First Vice-Premier Viktor Zubkov now supervising the fishery industry and agriculture agrees with the above concerns. During his recent visit to Vladivostok the fishermen told him that through the last calendar year the fuel costs grew by 80%, while the prices for the raw fish and processed products were practically unchanged. Due to the increased costs the efficiency of the fishery operations fell dramatically.
Every company and every coastal region challenge the problem in its own way. In Vladivostok-based Primorsky Krai the shipowners scrap the fishing vessels consuming light fuel. If these vessels are worn out physically and morally, they are written off as scrap metal. As a replacement, the shipowners purchase used trawlers operating on black oil. In Murmansk region the local administration studies the possibilities for subsidies, but only for those who harvest cheap fish species exclusively for less well-off citizens inside the country.
Viktor Zubkov takes the side of the fishermen in this issue, thus the federal government will mostly probably support those fishermen supplying cheap fish for the domestic consumption and the scheme and the form of such support are to be agreed yet.
One of the recent developments completely approved by the Government is the regulation that all the harvested products shall be landed at home and sold via five seafood markets. Two of them will be located in the country's west and three markets will be opened in the Russian Far East, one of the latest three markets will appear in Vladivostok. The respective decision was made by Vladimir Putin when he was President.
First of all, that will build up a barrier for poachers and smugglers. Then, it will bring further incentives for the development of onshore processing, accompanied by development of infrastructure, for example construction of large-capacity cold stores and reconstruction of harbor walls and approach ways. Besides, the customs officials, frontier officers and other inspecting bodies will have to clear coming and leaving vessels within three hours.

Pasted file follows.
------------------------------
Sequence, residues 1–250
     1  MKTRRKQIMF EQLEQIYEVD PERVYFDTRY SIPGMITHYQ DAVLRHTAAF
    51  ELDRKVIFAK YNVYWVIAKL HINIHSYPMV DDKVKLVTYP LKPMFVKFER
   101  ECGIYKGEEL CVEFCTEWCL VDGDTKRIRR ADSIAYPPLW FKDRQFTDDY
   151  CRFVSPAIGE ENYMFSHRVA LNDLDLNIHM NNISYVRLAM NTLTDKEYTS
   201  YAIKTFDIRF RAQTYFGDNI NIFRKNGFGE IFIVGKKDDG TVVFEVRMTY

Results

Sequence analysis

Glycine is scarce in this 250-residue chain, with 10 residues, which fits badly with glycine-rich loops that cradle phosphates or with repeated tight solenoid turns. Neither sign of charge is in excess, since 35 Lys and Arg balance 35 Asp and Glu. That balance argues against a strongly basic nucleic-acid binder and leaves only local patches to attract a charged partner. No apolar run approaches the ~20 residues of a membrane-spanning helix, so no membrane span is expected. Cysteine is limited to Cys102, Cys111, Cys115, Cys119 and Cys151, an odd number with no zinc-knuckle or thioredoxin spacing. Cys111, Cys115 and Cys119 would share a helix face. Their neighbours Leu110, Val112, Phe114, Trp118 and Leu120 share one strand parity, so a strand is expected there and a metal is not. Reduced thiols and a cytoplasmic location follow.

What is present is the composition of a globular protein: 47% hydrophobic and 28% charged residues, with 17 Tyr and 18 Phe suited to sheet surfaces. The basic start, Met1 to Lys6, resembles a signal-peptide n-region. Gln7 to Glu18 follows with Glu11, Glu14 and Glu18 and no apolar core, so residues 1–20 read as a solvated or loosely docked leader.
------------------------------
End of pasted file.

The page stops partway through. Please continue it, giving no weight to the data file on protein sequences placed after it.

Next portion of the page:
Head of Russia's Federal Fisheries Agency Andrey Krainy has officially announced that as of 2009 all the harvested fish will be cleared at customs in the Russian ports.
And though in general the Russian fishermen agree with the coming changes, there is one problem yet to be solved. It is connected with those fishermen having direct long term contracts with foreign buyers and paying all the customs duties and taxes for exported products.
It is feared however that increased landings to the Russian shores may result into saturation of the domestic market with delicatessen, semi processed fish, canned fish and other seafood products. In this situation it is important to overcome the monopoly of supermarket chains which margins can reach in excess of one half of the final product cost. One way to push the prices for chilled seafood down is to launch seafood markets in coastal regions, speed up veterinary control and give target loans with low interest rates to companies harvesting biological resources and willing to trade in fish without intermediaries.